Most people are trying to improve the quality of their lives, and in many circumstances this means improving oneself.  Some people (like myself) are perfectionists about it, and the cycle of self-critique and outward-critique is never ending and often hinders the growth we are strivng for. Some people work so hard to achieve things that it wears on them to the point they get sick or their quality of life dwindles unnoticed.

And when these things happen, being nice to people can seem impossible. That’s when it’s time to be nice to yourself. Remember this:

1. No one is perfect. While it is commendable to try to be the best person you are capable of being, making allowances for the times you aren’t 100% nice/compassionate/considerate/focused/et cetera is a very important part of personal growth. This is self-forgiveness and self-compassion. This is self-awareness at its highest level. In the end, those that accept they are human while simultaneously reaching evermore toward effective self-improvement usually yield the most positive results in their lives (and the lives of others) overall.

2. Listen to your body and spirit. Don’t run yourself into the ground. Take an R & R day. Take 5 minutes to relax and clear your mind. Go spend a few bucks on your favorite smoothie or coffee. Take the time to cook a really exciting new meal for yourself. Be present to the moment you are currently in. Do things like these when you have reached your limit for the simple sake of self-preservation. And then you will likely have more energy to move on with your day and you will likely be more purposeful and genuine in all that you do.

3. It is all a balancing act. What is most important to you? What is next in line? What can slack off a bit? What can you do to make your day a little better? How can you make mundane tasks a little more enjoyable? How can you make a sad day brighter?

So when you go out and try to be courteous, but nothing seems to work; when you feel down and then feel guilty because you are such a drag to be around; when you snap at someone you love without meaning it; when you forget something important because of over-working yourself; when you just don’t have the energy to be 100%, be nice to yourself. You know you deserve it.  And once you’ve had enough of that, you’ll head out into the world refreshed, a little more capable, and ready to be more effective than if you had simply pushed through. 🙂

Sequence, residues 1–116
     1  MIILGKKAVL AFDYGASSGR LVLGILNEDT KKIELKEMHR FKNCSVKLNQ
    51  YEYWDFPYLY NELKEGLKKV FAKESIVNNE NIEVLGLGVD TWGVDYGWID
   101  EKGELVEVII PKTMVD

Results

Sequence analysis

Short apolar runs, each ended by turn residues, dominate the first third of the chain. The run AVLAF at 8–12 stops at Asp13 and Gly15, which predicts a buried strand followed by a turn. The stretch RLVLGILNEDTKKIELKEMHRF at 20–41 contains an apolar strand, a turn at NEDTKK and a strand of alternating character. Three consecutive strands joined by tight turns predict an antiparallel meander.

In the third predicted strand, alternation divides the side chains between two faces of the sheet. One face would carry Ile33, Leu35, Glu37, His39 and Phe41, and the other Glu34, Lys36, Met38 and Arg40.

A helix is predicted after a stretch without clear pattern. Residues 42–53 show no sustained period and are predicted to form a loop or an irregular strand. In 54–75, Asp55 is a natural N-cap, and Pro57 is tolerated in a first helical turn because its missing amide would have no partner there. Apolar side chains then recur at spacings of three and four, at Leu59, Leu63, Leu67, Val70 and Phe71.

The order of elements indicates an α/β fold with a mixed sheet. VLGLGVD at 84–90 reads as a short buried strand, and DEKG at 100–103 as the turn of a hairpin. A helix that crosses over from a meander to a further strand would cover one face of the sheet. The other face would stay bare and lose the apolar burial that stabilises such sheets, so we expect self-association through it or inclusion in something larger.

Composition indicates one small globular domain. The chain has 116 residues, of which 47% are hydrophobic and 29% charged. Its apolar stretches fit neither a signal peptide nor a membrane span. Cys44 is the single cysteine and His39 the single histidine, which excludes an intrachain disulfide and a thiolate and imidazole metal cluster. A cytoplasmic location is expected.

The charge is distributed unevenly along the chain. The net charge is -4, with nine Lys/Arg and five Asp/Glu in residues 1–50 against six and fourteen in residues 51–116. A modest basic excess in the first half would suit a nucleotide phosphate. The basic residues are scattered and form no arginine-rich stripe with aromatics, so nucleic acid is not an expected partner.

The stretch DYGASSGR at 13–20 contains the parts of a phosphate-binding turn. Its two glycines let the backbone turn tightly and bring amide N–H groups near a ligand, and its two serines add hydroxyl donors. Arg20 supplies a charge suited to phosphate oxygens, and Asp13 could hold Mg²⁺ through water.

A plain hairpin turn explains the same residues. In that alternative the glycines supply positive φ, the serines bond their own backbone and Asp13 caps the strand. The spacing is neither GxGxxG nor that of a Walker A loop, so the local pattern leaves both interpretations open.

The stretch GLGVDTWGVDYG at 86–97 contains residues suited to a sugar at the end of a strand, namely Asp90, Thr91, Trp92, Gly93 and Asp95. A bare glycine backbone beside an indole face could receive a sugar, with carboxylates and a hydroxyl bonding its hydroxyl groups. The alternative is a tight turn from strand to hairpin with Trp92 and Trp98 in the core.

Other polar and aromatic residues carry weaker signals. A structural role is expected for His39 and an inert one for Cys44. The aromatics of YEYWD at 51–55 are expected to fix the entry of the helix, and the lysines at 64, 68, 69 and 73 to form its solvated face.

© Be Nice. Creator and Be Nice. (, 2008-2009.

Waiting… and waiting… and waiting

Most people have worked service jobs at one point in their lives. And so most of us know one thing: they stink.

My mother was a grocery store cashier for 23 years. She was great at her job in many ways, but one was that she made a point of being kind and courteous to each person that came through her line. As a little girl watching her carry that attitude with her everywhere she went, I learned a lot about how to treat others.

When we are behaving as customers, it is easy to be frustrated at any variety of things. Only one check-out line is open, someone is paying with all coins–no bills, the person behind the counter is new and doesn’t know how to run their register yet, the waiter is covering another person’s section and has full tables….  It is easy to forget how it feels to be the person who’s working.

When I go to the store, I make sure to ask the cashier how their day is going and make chit-chat with them (if they are responsive to it). I am sure to say “please” and “thank you” to my server, even if they are just refilling my water glass. I look past my frustrations at a long wait to the possible reasons for the situation: someone was mis-scheduled, someone called in sick, someone quit suddenly, someone hurt themselves in the kitchen and had to go to the ER. There are any number of reasons, and often-times when I ask, my instincts are right. This server isn’t a jerk or doing a “bad” job, they are just handling poor circumstances. So I try not to make their day worse by being another angry customer. In doing so, the wait feels more tolerable and worthwhile, because I am making that person’s day a little easier to handle. Who couldn’t feel good about that?


© Be Nice. Creator and Be Nice. (, 2008-2009.